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Abegaz wins best paper at international conference

Tamirat Abegaz
Dr. Tamirat Abegaz, assistant professor of computer science and information systems in the Mike Cottrell College of Business at the University of North Georgia (UNG), won best overall paper at the 30th annual International Academy of Business Discipline Conference in San Francisco, California.

Dr. Tamirat Abegaz, assistant professor of computer science and information systems in the Mike Cottrell College of Business at the University of North Georgia (UNG), won best overall paper at the 30th annual International Academy of Business Discipline Conference in San Francisco, California.

Research for Abegaz's paper, "Assessing the Perceptions and Usage of Agile Software Development Practices in Academic Setting," came from his experiences in becoming a certified scrum master and then teaching his software engineering classes. Scrum, a subset of agile management practices commonly used in software development, helps people work productively to address complex problems and produce quality products, according to the website Scrum.org.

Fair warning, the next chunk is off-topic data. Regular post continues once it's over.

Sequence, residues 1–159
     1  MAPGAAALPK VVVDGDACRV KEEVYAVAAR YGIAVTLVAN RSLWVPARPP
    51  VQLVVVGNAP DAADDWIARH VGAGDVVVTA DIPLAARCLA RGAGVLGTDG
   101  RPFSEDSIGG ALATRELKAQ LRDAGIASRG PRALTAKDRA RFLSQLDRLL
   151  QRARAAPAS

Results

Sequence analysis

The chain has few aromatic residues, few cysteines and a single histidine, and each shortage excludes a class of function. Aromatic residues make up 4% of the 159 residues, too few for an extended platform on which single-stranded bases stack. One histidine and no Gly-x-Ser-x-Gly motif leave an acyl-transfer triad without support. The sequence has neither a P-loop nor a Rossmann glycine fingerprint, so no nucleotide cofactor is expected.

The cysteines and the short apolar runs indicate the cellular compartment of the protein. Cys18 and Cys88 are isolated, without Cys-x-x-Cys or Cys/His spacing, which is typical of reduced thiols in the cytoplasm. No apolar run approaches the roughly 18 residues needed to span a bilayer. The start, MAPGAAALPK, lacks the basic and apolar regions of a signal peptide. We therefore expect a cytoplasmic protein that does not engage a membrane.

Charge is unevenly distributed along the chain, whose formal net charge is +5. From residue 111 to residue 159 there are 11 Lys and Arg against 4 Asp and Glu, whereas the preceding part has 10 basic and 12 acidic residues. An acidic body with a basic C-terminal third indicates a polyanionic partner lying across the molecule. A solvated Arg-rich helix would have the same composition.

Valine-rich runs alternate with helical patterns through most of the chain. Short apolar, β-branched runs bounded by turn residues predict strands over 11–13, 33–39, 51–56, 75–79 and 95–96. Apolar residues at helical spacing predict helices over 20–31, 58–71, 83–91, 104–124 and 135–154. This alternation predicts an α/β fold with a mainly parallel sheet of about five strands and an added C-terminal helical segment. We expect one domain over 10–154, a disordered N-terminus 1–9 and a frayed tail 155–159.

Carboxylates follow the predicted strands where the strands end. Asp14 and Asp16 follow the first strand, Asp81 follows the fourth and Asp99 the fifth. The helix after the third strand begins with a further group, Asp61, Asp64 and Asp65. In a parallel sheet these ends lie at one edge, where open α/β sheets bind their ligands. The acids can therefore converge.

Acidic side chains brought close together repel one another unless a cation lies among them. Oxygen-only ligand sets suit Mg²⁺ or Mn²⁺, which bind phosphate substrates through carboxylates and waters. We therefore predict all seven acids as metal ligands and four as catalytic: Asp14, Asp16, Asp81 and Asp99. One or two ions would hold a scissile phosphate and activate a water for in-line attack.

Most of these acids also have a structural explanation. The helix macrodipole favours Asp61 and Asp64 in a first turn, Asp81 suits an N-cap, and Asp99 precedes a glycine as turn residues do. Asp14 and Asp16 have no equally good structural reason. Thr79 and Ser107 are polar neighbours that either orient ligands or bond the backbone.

His research investigated two areas: Whether adoption of the scrum framework helps students better achieve learning goals and whether engaging in scrum helps teachers find alternative ways to examine the effectiveness of the teaching and learning experience.

"I consider the entire teaching and learning process as a user experience (UX) research and practices that put students at the central part of the interaction," Abegaz said. "I value learning and do my best to constantly apply what I learn to improve my teaching and learning experience."

In Abegaz's research, students reported that scrum helped them take ownership to deliver a working software based on the expected project outcomes and empowered students to figure out how to accomplish the assigned tasks based on the acceptable criteria. The research also suggested that providing students with hands-on experience in agile practices helps them gain industry-level experience.

"From my industry experience, many software developing companies utilize agile methodology," Abegaz said. "In fact, research indicated that more than 80 percent of software-related companies have employed some form of agile processes for product development."

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